We will be entering an even more technology-driven world and much of the opportunities will be created by technologies new, maturing and by technologies still in the labs. What is important to remember is that more of the opportunities exist in not just developing the technologies but in getting them into the market to address the market needs or create new market niches altogether.
How to succeed
Succeeding in this world requires not only a sound understanding of technology but managerial and marketing skills too. While an engineering student can develop a sound understanding of technology during the four years of their undergraduate program, they will need to develop one or more of the other skills. Hence, unless one is looking to continue on the technology path, students should seriously consider a degree such as an MBA to develop and burnish the other skills to increase their chances of getting into the new job market and then to succeed in it. In the new and emerging economic landscape driven by technology, a technical degree will probably not be enough to gain an entry, let alone succeed.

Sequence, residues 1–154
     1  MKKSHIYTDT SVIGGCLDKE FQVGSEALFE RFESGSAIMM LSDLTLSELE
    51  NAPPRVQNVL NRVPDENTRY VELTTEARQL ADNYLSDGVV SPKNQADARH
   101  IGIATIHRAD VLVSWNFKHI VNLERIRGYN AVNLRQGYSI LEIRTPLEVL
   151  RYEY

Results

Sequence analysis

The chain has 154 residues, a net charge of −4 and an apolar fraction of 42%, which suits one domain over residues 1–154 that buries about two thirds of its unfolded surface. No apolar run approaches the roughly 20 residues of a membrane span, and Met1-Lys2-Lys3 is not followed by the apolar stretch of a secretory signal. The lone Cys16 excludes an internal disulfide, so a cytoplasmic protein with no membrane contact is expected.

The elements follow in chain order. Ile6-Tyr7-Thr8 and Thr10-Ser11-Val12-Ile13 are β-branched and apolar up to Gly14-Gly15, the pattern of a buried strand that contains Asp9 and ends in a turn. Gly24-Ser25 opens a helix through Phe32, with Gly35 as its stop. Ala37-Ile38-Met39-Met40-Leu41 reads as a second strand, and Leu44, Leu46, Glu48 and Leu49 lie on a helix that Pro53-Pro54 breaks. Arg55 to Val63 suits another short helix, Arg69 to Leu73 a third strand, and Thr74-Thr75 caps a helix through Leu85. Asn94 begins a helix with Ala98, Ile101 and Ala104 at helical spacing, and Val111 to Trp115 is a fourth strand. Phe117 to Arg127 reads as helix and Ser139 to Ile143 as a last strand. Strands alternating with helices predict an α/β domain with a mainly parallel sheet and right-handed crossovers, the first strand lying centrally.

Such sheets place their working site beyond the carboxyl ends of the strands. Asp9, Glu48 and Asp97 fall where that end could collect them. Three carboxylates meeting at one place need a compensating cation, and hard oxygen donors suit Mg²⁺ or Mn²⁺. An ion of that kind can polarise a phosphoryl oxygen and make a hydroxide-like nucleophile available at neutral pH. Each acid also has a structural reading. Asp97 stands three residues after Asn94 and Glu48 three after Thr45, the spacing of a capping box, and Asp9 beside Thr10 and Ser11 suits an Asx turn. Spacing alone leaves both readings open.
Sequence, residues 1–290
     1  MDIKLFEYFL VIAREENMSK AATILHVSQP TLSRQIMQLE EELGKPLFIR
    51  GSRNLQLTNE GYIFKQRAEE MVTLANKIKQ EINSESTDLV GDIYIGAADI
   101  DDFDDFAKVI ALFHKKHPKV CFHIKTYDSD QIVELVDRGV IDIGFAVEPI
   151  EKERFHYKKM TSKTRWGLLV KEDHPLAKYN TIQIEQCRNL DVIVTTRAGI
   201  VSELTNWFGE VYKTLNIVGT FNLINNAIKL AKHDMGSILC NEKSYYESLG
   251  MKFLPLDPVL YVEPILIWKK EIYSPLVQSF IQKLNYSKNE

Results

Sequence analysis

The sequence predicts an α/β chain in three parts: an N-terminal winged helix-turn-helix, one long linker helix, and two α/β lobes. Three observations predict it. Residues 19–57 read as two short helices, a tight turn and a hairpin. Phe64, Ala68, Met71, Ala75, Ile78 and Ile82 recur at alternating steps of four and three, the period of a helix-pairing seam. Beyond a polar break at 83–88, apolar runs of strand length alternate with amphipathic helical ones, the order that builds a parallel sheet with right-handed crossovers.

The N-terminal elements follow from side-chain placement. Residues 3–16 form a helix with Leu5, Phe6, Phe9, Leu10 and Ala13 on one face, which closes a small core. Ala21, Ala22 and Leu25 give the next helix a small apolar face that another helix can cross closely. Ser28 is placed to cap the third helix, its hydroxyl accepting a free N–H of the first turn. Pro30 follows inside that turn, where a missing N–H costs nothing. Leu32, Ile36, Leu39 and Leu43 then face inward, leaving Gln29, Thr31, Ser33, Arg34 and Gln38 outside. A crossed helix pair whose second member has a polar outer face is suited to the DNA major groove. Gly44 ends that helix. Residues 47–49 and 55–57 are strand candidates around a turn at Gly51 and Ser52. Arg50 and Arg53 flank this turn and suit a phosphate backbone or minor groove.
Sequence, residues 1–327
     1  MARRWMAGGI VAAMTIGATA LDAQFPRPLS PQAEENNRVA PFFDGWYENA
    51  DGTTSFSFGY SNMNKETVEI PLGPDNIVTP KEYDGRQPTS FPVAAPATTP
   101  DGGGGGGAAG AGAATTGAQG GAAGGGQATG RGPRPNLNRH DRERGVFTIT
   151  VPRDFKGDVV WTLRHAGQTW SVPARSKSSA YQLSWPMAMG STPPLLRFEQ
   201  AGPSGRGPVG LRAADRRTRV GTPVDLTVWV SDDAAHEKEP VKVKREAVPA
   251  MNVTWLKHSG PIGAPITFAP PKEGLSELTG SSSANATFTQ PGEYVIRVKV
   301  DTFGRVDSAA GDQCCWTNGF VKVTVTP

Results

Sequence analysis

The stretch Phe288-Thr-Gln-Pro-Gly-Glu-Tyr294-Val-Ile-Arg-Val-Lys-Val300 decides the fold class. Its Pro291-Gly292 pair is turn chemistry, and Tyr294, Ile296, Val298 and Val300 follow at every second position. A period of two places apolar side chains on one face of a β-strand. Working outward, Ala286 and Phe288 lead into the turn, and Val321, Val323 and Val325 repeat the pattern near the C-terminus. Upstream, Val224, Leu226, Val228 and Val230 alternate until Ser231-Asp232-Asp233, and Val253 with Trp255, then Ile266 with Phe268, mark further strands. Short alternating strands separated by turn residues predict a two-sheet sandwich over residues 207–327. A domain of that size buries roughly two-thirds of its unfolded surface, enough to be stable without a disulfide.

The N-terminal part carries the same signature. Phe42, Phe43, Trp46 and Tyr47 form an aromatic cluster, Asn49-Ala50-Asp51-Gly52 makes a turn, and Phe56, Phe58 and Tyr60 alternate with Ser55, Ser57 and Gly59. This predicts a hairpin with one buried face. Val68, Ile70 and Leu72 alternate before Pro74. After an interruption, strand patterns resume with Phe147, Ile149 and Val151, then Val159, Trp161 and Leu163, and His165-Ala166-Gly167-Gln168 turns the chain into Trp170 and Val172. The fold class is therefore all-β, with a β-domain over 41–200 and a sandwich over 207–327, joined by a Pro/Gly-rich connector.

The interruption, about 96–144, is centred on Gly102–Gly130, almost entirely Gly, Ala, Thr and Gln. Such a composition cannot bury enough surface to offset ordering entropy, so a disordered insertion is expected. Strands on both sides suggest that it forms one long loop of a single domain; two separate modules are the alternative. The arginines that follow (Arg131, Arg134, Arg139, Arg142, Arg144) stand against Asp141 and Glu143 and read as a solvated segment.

The author is Professor and Dean, Faculty of Management and Commerce, Manipal University Jaipur.
This article was originally published in Career 360’s September issue.